There is something really special about aerial photography, which is perhaps why drones are so incredibly popular.
A recent article published in The Guardian calls attention to pertinent issues, such as privacy and security, that surround their recreational use.
It is reported that Georgia – which was one of the last remaining countries to remain free of restrictions – have now strictly regulated use of Unmanned Aerial Vehicles (UAVs) in skies over their dizzyingly picturesque landscapes. As is evident from Amos Chapple’s photography, featured in the article, capturing the country from above helps to best communicate its scope and truly mountainous terrain.
Boasting some of the highest peaks in Europe, Georgia’s land is steeped in history, littered with ancient towers, about 25,000 rivers and lowlands full of vineyards and agriculture.
A pioneer of drone photography, Chapple’s aerial images taken on a high-end quadcopter, made one last flight over this beautiful country before the recent restrictions were enforced. His aerial perspective helps to communicate scale and spectacle, as well as the beauty of these rural and urban expanses.
Georgia’s change in regulation regarding small UAVs would seem to reflect concerns about leisurely use of drones; with the new restrictions in place, drone photography over its countryside areas is still achievable, but capturing cityscapes and places with crowds of people are forbidden.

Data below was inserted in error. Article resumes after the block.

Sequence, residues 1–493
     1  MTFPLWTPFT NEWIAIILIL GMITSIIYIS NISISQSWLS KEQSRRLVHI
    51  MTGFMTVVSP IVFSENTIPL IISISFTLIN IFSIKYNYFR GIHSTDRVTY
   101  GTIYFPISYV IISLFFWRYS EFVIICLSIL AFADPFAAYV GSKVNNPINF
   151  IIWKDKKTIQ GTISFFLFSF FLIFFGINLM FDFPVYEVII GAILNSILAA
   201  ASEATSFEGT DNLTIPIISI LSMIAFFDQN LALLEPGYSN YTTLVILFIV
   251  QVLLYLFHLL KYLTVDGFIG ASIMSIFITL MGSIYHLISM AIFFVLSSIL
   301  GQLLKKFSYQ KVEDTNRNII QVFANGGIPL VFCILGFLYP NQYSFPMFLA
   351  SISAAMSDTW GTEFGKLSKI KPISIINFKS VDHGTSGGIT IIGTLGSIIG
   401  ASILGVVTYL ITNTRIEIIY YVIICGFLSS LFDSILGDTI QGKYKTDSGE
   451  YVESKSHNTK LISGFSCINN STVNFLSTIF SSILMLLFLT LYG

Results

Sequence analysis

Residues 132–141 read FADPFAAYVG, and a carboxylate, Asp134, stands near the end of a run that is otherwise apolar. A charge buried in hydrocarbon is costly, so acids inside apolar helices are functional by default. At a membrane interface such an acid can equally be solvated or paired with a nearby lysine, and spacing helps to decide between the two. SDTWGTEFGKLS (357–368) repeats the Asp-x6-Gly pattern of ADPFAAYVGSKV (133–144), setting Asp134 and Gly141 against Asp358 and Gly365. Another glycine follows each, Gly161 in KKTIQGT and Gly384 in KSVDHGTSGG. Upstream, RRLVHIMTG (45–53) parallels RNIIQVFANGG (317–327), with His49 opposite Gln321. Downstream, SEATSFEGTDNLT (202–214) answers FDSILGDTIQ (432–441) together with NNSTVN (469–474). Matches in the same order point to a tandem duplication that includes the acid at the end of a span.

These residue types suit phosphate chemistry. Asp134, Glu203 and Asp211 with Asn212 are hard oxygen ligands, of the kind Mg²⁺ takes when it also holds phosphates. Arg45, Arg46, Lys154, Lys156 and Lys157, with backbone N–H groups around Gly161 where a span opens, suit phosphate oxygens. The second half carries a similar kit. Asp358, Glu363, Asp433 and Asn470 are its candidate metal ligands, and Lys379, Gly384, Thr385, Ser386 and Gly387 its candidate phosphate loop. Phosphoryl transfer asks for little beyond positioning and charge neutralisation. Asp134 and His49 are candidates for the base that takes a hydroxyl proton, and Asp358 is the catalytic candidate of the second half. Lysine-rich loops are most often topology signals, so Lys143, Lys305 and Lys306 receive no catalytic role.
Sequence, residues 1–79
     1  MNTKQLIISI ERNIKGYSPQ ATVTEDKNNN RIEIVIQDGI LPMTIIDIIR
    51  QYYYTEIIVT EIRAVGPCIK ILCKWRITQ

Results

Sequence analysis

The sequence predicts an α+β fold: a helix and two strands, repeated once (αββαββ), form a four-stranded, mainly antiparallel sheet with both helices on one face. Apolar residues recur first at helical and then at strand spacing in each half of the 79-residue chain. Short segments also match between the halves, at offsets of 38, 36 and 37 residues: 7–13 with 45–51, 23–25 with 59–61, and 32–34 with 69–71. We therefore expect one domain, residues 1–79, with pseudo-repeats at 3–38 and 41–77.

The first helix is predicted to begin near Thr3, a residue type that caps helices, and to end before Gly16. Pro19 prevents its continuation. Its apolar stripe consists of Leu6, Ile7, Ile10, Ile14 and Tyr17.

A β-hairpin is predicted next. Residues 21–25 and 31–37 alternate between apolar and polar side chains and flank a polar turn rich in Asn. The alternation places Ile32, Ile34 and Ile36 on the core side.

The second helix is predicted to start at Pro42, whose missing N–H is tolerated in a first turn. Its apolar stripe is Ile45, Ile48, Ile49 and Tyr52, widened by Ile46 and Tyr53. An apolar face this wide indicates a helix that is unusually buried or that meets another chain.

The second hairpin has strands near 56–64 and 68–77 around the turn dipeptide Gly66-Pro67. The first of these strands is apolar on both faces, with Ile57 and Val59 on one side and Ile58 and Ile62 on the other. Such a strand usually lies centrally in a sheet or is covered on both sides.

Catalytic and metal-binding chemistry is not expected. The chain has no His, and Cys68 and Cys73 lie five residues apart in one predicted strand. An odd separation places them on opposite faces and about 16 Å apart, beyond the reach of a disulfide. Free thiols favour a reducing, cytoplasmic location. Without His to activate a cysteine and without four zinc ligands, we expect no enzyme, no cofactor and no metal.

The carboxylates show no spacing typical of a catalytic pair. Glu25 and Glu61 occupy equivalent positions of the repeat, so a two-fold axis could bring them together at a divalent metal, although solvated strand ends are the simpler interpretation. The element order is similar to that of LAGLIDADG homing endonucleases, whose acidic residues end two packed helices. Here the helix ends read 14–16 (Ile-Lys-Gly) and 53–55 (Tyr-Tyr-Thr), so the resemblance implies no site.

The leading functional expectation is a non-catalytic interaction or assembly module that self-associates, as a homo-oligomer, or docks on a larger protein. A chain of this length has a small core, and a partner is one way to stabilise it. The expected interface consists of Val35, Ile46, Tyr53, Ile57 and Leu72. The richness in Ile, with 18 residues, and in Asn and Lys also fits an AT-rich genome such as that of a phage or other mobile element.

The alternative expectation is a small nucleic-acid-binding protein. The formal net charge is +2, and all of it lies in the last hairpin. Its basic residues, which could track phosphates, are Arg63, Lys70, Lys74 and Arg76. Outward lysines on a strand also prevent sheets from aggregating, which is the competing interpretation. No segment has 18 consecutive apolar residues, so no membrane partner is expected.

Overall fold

Of course, drones are both safe and fine to be flown on a commercial basis, provided the operators are fully qualified.
On a practical level, an extreme aerial perspective can provide information that is vital at a macro level. For the construction industry, especially, drones have more or less replaced the need for helicopters – once the principal method for capturing photography from the air.
As well as offering a cost effective means for construction companies to spotlight the scale of their work – extended further via the capabilities of 360° photography and video – such aerial innovations have transformed how companies market themselves to the public.
Not only visually impressive, the level of interactivity allowed for in 360° imagery encourages engagement and enthusiasm from the public, as people arguably get a better sense of what companies can and do offer their clients.
The speed at which such technology is developing means that regulations are often lagging behind which, in turn, causes techno-paranoia and fears that such innovations are going beyond our control.
Regulating drone flight is often, therefore, about striking a balance between what is necessary and what can be deemed, by some, as immoderate restrictions.
It’s a heated debate that is not seeing any signs of cooling off anytime soon. Drones continue to show promise in terms of what they can do, with this technology at the centre of 21st century innovation.
With scenes like this, for example, we get to explore mesmerising weather patterns over stunning parts of the world. There’s no doubt that drones will be integral to the future of photography.